Havria, the god of salt, was not as powerful as this devotee believes she is. During the conflict, she refused to participate, instead attempting to take her devotees into a safer domain, away from the conflict in which humans were simply collateral damage. Her own devotees, realizing she couldn’t protect them, killed her with the aim of escaping to the god of geo’s lands as refugees. Those in close proximity to the murder were trapped as salt statues.
This is too much for the devotee to bear. She runs off in distress, and that’s the last we see of her for now. What is striking is the reason for her distress. This revelation heavily emphasizes the “weakness” of Havria, who abstained from conflict and sought to protect her people. The devotee also perceives this weakness. Instead of being proud that her deity offered an example of pacifism and integrity to the bitter end, she feels betrayed by this supposed weakness.
It is indeed shocking the value these characters place on outward strength and dominating ability over inner strength and virtue. Zhongli very much appears to be on a journey of contrition, but his militaristic adherence to law and order still translates to his current actions and attitudes. In the ruins, he displayed no leniency whatsoever, to the point of being willing to take a life.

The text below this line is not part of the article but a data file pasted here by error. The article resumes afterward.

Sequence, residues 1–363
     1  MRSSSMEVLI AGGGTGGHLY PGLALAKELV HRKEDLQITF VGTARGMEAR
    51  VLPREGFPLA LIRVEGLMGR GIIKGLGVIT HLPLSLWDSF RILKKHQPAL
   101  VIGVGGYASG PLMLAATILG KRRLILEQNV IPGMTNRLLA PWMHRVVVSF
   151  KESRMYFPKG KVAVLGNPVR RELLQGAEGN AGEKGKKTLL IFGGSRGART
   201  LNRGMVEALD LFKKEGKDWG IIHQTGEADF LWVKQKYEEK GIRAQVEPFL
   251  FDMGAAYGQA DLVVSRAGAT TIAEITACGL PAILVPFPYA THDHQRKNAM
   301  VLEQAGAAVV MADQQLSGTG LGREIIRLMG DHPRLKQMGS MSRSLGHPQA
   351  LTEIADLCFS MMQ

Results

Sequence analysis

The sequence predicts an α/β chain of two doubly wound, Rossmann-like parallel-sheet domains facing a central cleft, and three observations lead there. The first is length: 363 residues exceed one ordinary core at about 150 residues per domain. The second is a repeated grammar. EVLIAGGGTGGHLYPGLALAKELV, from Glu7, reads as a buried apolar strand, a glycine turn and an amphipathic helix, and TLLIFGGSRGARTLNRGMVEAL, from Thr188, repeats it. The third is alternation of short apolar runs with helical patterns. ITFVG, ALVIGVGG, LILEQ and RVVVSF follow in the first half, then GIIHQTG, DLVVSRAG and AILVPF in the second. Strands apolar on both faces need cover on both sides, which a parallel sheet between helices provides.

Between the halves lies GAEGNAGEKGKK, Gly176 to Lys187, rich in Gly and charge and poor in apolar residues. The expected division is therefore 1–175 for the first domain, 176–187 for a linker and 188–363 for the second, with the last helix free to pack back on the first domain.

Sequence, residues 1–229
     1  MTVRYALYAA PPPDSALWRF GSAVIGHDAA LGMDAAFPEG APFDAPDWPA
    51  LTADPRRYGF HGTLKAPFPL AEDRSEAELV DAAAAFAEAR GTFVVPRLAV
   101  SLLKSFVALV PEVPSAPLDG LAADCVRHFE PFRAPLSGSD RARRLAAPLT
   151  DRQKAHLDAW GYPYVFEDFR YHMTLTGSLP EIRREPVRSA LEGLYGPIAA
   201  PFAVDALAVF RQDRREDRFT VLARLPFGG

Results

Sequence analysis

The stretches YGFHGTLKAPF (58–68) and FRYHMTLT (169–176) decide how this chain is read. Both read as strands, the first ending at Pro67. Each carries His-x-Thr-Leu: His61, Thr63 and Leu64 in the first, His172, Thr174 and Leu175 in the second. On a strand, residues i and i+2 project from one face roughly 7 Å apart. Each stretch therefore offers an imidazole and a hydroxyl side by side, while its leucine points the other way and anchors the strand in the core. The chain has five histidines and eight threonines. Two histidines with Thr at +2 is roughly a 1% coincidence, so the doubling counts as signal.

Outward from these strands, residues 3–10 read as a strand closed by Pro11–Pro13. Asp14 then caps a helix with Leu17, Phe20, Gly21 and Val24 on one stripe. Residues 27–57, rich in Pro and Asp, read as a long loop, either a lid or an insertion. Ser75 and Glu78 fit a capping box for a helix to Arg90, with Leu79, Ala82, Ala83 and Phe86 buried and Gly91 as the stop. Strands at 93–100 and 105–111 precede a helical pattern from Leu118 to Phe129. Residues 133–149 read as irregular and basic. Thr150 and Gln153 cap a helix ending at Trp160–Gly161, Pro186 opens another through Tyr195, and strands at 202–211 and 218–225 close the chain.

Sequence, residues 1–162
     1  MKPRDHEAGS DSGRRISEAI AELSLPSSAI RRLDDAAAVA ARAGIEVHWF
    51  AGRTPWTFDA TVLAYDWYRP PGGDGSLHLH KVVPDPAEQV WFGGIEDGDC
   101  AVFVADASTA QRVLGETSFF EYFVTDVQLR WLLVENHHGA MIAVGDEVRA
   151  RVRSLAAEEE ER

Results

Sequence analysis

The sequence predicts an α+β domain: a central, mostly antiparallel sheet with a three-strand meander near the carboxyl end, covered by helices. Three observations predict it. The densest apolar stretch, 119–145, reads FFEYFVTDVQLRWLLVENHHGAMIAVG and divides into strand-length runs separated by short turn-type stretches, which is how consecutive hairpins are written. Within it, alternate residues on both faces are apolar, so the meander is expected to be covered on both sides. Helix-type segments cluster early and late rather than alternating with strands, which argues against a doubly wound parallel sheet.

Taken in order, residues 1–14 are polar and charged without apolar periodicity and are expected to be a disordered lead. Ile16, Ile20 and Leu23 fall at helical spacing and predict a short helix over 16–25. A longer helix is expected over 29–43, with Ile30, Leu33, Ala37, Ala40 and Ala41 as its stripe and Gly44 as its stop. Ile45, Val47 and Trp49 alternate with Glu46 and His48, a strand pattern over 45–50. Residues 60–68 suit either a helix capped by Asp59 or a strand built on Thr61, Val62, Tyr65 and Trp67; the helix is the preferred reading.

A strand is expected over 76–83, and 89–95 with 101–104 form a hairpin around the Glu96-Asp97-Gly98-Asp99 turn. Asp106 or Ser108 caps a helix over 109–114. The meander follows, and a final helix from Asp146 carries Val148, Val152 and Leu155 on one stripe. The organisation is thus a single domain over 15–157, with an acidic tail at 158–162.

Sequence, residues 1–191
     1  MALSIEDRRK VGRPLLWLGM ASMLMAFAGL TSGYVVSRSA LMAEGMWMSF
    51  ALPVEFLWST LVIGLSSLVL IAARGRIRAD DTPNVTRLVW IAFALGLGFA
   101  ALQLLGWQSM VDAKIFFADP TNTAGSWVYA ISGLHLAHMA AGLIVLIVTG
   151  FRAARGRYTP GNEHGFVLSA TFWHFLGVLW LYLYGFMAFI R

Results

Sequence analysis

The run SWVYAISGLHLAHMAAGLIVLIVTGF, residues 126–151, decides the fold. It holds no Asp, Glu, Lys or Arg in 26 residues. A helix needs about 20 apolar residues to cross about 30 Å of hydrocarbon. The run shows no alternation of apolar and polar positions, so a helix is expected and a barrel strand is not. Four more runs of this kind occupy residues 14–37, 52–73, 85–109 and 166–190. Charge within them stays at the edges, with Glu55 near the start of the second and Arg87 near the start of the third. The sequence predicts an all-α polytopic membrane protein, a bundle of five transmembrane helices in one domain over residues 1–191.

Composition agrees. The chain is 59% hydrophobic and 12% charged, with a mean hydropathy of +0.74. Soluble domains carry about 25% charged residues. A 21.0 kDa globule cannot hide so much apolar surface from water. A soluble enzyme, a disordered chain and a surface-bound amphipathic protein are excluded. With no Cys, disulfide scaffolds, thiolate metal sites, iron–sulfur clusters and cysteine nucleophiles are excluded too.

The pinnacles of virtue in the Liyue’s culture are success in business and adherence to contracts. Both are signs of piety, as the god of contracts commands strict adherence to any earthly or heavenly contract. Notably, he also is the creator of Mora, the magical currency used among all the nations of Teyvat. Thus, the earthly government of Liyue, the Qixing, preside over all trade in Liyue, be it internal or international. This, along with the history of this nation’s deity, show how inextricable trade is from warfare.
Genshin Impact may have a message for our real world, one in which economies are engineered to be fueled by destruction and extraction. Violent sanctions are placed on nations of marginalized people to manipulate the markets in favor of the centers of power and open warfare arrives in places with resources to obtain for the very richest individuals. It only makes sense that the wealthiest nation in Genshin Impact‘s world — indeed, the literal inventor of currency — would possess such a brutal history.
To be clear, this history of external clashes driving the internal unease of Zhongli makes him a stronger character. Instead of the faultless gentleman he appears to be, he gives us a cautionary tale about the dangers of ambition. The question of Zhongli gaining any real redemption is a nebulous one. Was he carried away to a desperate battle for survival he did not ask for, or was he an aggressor? It’s not clear if Genshin Impact has any interest in digging deeper into this question, but it stands to move one to awareness.